"It tells the story through Kool G’s eyes, as he witnessed the individuals he grew up with succumb to the drug life and end up either dead or in jail. A popular theme of gangsta rappers is to depict the struggle through their lyricism and the fortune of escaping the life many could not."

I've always been under the impression that the stories told by G Rap here were based in reality, which adds to the effectiveness of the song, along with the "Soulsides" sample by Art Farmer. Great song.
*5 out of 5"

"Tap the bottom of the bottle for the brothas
Keep it real on the street money, and look out for one another!"

7. "Blowin' Up In The World"
Produced by Buckwild

As far as "rags to riches" songs go, this one was no different from any other songs of that caliber at the time, but of course the lyricism of G Rap sets his apart from everyone else's. This is a very good song, but before I move on to the next classic, I want to speak on G Rap, obviously, for a moment. It's really a shame that G Rap didn't blow up in hip hop like he should've, and I don't blame anyone if they happen to name him as one of the most underrated MCs in hip hop history. Yes he has some classics under his belt and has influenced a great number of artists, including the guest on the next song, but in between transitioning record labels and an unfortunate lack of true promotion for someone with his skillset, he never really had that true breakout moment that he deserved to have even dating back to the late 80s. It's good that long time fans have really kept his name out there because if there's a career that shouldn't have ended before it ever got started, it's G Rap's.
*4 out of 5*

8. "Fast Life"
Featuring Nas
Produced by Buckwild

You know, as 1995 turned into 1996, I really wonder what Russell Simmons was thinking when he passed on giving Nas a deal, stating that "they (Def Jam) already had a G Rap." Interesting comment there. Nevertheless, this, loyal reader, is one of the dopest collaborations you'll ever hear. The "other side" of "It's A Shame" comes this Surface sampled classic, courtesy of another classic in the form of "Happy," featuring the boss G Rap bringing Nas along for the ride, fully indulging in the life of riches, almost as if Nas was an underboss here. Speaking of Nas, the gifted MC was already in Nas Escobar mode here and how about this: after dropping the classic "Illmatic" in '94 and a name change, Nas HIMSELF was a "made man" when "It Was Written" was released on July 2, 1996. How about that for continuation. Another piece of hip hop excellence.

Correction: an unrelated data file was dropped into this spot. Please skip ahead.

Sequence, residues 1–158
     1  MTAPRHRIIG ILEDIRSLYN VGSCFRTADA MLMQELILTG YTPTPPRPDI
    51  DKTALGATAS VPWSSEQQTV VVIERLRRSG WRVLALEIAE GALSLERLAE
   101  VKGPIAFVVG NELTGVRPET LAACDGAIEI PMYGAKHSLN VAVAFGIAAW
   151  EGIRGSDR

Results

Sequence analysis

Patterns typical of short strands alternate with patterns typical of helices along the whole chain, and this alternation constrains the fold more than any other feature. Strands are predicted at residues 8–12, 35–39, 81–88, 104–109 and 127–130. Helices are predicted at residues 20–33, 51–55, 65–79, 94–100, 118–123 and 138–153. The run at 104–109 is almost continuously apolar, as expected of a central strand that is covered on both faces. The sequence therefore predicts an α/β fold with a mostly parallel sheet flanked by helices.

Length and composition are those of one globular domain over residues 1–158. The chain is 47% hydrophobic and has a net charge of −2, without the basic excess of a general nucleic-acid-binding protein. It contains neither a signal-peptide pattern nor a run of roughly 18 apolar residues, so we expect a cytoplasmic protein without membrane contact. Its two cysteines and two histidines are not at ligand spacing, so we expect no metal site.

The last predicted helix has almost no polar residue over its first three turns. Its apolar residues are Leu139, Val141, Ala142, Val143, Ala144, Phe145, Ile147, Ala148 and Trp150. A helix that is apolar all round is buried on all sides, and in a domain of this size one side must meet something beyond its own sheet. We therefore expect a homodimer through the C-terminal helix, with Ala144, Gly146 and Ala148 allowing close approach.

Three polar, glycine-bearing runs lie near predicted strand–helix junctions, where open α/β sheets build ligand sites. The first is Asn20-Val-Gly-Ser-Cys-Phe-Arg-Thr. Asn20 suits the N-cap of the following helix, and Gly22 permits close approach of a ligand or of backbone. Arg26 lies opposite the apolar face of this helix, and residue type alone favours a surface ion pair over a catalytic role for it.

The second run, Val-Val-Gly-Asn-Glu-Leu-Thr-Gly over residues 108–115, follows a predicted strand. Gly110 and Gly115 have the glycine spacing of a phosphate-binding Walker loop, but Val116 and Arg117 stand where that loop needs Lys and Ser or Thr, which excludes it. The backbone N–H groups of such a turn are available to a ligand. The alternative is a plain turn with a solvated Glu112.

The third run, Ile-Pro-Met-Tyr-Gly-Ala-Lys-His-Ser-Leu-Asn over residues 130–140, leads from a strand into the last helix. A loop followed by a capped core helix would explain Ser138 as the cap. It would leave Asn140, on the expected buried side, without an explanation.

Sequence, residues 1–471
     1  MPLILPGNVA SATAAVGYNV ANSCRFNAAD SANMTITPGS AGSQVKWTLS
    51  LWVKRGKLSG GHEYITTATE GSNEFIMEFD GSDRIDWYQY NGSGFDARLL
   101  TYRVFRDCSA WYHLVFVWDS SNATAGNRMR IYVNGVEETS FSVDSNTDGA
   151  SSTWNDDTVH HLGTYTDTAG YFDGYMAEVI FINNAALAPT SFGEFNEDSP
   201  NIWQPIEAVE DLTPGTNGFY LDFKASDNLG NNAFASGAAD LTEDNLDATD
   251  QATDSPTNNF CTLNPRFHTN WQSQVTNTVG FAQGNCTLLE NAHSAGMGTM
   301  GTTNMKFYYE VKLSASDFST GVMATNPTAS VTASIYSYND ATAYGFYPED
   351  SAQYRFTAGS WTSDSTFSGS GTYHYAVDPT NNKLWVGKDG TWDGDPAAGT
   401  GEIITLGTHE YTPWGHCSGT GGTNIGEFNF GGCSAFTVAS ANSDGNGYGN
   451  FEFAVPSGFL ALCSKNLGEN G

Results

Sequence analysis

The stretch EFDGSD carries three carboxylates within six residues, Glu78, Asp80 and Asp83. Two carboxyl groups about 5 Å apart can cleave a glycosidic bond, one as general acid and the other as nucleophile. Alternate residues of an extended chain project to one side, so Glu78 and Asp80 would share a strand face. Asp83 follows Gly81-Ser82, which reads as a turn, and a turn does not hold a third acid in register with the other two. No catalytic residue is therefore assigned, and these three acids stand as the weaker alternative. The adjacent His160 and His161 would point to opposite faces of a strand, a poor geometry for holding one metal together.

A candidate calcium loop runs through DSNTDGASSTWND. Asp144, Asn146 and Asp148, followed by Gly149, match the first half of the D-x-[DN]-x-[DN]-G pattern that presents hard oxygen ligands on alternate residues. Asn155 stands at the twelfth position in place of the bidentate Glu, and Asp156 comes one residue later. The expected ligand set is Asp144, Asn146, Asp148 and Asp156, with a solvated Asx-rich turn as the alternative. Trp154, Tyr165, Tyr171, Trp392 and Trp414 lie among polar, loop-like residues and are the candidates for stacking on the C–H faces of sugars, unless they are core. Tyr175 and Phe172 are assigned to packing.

*5 out of 5*

9. "Ghetto Knows"
Produced by Naughty Shorts

G Rap goes the storytelling route again, almost in an interrelated fashion. It's like the first half talks about the ghetto's of New York ("the city that never sleeps") and the somewhat usual instances of crime and related things involved with that life, then the second half finds him telling an extreme story of true survival. Dope song.
*4 out of 5*

10. "It's A $hame (Da Butcher's Mix)"
Remixed by Dr. Butcher

The same lyrics are present from the original, only this time around Dr. Butcher comes with an ill sample courtesy of Ryo Kawasaki's "Bamboo Child." Not on the level of the original, but still dope as hell.
*5 out of 5*

11. "Money On My Brain"
Featuring B1 and Grimm
Produced by Dr. Butcher

My ONLY criticism of this album is that this song was placed in the wrong slot, as this should've been song #10 and the Butcher's mix of "It's A $hame" should've closed the album. With that said, we have all heard songs like this before, but when they can offer something different from other songs about the same subject, (in this case, money), the results can be very good and that does describe this song. I really like B1's line, "don't forget it, money's the metal and my hand is magnetic," as well as G Rap's money infested verse, filled with ill lines like, "so stand back cause I'm gon make whatever it takes/To shake Jakes and shoot snakes, and bake more snowflake cake than Drake's," ha! Let that line sink in for a moment. Even with the slight misstep in the track sequencing, this was ANOTHER very good song on an album filled with such goodness.
*4 out of 5*

Man, simply put, I freaking love this album, no question. I bumped it a few weeks ago (as of this post), which is when I immediately got the idea to do a revisit. If 1992's "Live And Let Die" showcased the true gangsta side of G Rap, 1995 showed him as a complete made man and that is fully realized on this album, no doubt about that. Backed by tight production, G Rap hadn't missed one step on the lyrical side of things and this is definitely one of his best works. It was truly one of 1995's best albums, noted as such in The Source magazine's "year in review" of that year, and it has aged SO well. Long time fans, revisit this ASAP; newer fans, this is a STRONG recommendation to check out. 4.5 stars for "4,5,6."